graduate IT jobs

Graduate IT Jobs: What’s the Best Fit for You?

Graduate IT Jobs: What’s the Best Fit for You? 150 150 Kerry Butters

If you’re graduating this summer and looking to land the perfect job in IT, then it can be difficult to know which sector might be the best fit. This is because there are a very wide and varied range of industries that demand IT workers, far beyond the usual suspects such as vendors and big-name tech companies.

It’s likely that you’ll be attending a good few graduate fairs, where many companies are likely to be looking for the most talented candidates. So what can you do to ensure that you stand out from the crowd? It might be a fact that IT is one of those sectors that has been and still is suffering from a lack of incoming talent, but in the UK, with the curriculum changing to accommodate better IT learning, this is something that could very well change in the next five years or so.

To recruiters, it certainly looks better if you can demonstrate that you’ve explored all avenues, so with that in mind, let’s take a look at some of the potential jobs out there that you could land.

Look Beyond the ‘Norm’

As well as the more obvious recruiters that will be doing the rounds at graduate fairs, you should look into other industries that provide IT jobs but are not necessarily in the technology sector.

These include:

·         Investment banks

·         Large retailers

·         Insurance firms

·         Accountants

·         Educational institutions

All of these industries need an IT department and for some, now is the time when they will be investing heavily in technologies such as the cloud and ecommerce. Likewise, there always seems to be a job going at a school or college whenever I check out my local paper for IT support assistants, or network managers, or even for communications which can include maintaining the school website, creating presentations, maintaining databases and so on.

Becoming a Computer Science Teacher

Of course, when it comes to schools, you can also further your education that little bit more and apply to be a Computer Science teacher. The curriculum is chosen somewhat by the teacher, so you have an opportunity to shape the next generation, which can be very rewarding.

You will need GCSEs in the usual subjects, such as English and Maths at a minimum of Grade C and a Computer Science degree. However, if you’re a mature student and can demonstrate a good level of professional experience in the technology sector, then you may be accepted onto a course.

Computing ITT applicants are also eligible for a tax-free bursary of up to £20,000 for postgraduate training, so it’s worth checking it out.

See the video below too for more information on the new curriculum due to come into play this September.

Consider Options Carefully

For young people, it’s often very difficult to know what direction to take when it comes to deciding what career path to choose, so you should consider your options carefully. Think about what modules you’ve really enjoyed during your degree. If you loved coding, then you’ll be a great fit for software, web or app development. I’ve left out games development here as it’s a field that many young people want to get into, but is a difficult one to break into.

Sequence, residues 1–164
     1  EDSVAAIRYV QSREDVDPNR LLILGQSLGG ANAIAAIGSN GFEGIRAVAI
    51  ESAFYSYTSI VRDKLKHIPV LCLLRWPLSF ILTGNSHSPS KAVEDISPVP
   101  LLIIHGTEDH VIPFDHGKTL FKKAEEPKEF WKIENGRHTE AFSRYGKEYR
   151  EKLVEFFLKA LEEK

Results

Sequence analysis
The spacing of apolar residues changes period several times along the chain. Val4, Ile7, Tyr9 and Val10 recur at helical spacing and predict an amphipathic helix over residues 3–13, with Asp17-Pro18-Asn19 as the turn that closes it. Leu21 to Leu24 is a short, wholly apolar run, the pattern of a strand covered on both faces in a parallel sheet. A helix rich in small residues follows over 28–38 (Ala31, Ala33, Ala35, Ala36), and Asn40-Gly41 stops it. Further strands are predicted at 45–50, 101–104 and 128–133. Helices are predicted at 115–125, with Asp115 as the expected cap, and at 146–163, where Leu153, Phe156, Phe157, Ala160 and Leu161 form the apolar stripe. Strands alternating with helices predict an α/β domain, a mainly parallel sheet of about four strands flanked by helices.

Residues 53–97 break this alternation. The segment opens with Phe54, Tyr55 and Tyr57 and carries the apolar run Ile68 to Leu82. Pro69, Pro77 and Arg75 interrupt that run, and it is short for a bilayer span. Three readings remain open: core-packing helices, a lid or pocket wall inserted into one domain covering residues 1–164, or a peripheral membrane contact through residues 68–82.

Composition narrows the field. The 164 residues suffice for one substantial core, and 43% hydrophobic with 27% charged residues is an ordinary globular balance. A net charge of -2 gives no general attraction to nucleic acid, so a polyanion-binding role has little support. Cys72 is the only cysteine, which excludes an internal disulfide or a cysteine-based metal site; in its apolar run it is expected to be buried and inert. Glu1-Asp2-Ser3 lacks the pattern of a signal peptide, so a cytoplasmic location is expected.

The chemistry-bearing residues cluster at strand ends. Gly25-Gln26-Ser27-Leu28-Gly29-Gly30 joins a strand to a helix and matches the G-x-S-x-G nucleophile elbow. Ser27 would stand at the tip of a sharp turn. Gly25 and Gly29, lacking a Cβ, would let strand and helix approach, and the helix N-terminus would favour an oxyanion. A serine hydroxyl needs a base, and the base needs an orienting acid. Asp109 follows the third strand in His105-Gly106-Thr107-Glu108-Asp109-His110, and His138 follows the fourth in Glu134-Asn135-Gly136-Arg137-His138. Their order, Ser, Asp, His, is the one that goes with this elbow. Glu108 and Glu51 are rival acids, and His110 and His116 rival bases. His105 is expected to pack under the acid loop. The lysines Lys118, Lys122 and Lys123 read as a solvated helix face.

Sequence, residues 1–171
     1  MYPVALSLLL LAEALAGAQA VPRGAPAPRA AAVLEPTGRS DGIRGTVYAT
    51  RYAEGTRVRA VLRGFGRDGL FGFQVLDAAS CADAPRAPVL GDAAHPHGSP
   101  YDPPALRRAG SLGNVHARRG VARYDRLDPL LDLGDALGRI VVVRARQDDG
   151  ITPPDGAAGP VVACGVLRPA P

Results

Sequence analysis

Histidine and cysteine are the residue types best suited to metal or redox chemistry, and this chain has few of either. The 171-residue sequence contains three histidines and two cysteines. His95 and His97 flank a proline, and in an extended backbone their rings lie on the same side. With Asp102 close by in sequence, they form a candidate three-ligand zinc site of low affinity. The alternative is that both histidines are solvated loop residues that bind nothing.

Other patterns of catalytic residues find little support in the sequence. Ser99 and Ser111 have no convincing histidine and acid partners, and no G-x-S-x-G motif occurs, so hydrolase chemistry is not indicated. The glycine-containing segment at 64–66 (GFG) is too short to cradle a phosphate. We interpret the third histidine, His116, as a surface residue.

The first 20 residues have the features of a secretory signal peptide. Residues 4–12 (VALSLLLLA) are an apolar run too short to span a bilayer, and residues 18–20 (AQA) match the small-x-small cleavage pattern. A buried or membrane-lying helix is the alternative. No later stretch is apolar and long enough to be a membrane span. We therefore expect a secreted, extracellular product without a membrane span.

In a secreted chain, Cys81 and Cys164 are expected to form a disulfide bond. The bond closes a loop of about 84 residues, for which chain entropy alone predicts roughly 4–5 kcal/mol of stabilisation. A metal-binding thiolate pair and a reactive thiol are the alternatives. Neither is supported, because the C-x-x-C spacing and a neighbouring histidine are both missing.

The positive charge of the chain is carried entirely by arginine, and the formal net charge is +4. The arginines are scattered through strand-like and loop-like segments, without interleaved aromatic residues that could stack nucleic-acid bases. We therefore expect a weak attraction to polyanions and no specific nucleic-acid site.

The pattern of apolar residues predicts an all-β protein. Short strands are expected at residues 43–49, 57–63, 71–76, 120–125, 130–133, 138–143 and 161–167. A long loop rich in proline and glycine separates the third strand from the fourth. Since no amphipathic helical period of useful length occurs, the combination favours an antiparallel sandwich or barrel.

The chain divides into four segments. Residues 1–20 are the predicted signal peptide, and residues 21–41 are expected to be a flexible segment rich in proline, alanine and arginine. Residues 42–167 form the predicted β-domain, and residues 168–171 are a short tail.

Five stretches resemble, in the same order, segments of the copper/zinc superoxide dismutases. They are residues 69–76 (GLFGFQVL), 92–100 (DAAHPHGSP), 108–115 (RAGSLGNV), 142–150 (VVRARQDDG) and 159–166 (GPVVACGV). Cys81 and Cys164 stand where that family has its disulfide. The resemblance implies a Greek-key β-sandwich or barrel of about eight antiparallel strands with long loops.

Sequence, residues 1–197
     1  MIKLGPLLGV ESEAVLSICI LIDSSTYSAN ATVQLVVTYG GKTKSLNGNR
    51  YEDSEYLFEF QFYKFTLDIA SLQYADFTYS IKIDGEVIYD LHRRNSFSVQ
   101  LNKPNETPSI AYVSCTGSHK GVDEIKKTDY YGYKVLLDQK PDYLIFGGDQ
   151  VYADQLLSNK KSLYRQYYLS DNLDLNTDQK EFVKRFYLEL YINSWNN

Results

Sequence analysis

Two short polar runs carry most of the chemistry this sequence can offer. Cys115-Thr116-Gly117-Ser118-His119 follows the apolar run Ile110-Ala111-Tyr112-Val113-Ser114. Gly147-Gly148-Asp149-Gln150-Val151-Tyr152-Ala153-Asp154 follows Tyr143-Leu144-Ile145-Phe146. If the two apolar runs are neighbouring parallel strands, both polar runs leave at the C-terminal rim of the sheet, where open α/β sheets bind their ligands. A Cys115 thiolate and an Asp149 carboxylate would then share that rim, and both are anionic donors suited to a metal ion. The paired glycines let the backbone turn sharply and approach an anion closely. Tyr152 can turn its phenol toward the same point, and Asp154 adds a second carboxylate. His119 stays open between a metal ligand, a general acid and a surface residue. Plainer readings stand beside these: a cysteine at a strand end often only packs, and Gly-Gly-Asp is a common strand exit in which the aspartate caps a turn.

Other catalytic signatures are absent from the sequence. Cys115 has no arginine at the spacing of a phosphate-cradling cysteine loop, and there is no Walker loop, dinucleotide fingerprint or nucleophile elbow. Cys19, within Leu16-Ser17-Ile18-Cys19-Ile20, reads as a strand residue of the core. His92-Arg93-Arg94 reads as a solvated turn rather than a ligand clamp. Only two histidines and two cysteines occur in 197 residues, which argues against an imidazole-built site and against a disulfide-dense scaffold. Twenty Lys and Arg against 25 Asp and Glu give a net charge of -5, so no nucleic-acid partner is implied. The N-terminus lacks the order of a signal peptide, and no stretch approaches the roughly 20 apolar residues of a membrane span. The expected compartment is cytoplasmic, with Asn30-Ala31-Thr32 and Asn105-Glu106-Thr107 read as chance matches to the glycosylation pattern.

I’ve heard so many young people say their dream job is to be a games dev, but when it comes to the crunch, they don’t enjoy it, or lack the skills required when it comes to coding. Yes, making PC and console games sounds like great fun, but you still have to have the ability and the talent.

Software development in general means being office based and often quite isolated as it requires you to apply a reasonably high level of concentration. It’s not just games companies that offer development jobs either, there are plenty of large companies that develop their own software, as well as smaller, niche businesses that offer bespoke software to certain industries.

Think About Postgraduate Education

You can of course choose to go down the route of taking a Masters degree, but you can also think about IT certification. This tends to be expensive, but so does taking an MA and there’s no reason you couldn’t still get a career development loan, although you should check that the provider is on the eligibility list before you apply.

Many of the major IT companies offer certification, such as:

·         Microsoft

·         Cisco

·         CompTIA

And many more. Professional certifications are often given more weight by IT employers, as faith in graduates is not as its optimum level right now, probably because of the lack of decent courses that have been available in the past. However, this is something that is changing and it’s worth chatting with recruiters at graduate fairs to find out if they like certified candidates and if so, which certifications they prefer.

Keep an Open Mind

Technology is such a huge part of our lives these days that there’s a demand for it in virtually every sector. With this in mind, whilst you might have had an idea floating around in your head about rising to the top of Microsoft in the next couple of years, be realistic and realise that opportunities exist everywhere.

Be inquisitive and do your homework before the recruiters talk to you and there’s a very good chance that you’ll impress somebody enough for them to make you an offer. You may have been thinking games and end up getting supermarket, but you’re just starting out on your exciting new career and so need to keep your options open.

Having said that, there’s certainly nothing wrong with being ambitious, so if you feel that you’ve got what it takes to work for a big company that you have your eye on, making some serious cash, then what have you got to lose but a no? And those, at this stage of your life, mean very little.

Who knows, you could very well be the next Steve Jobs…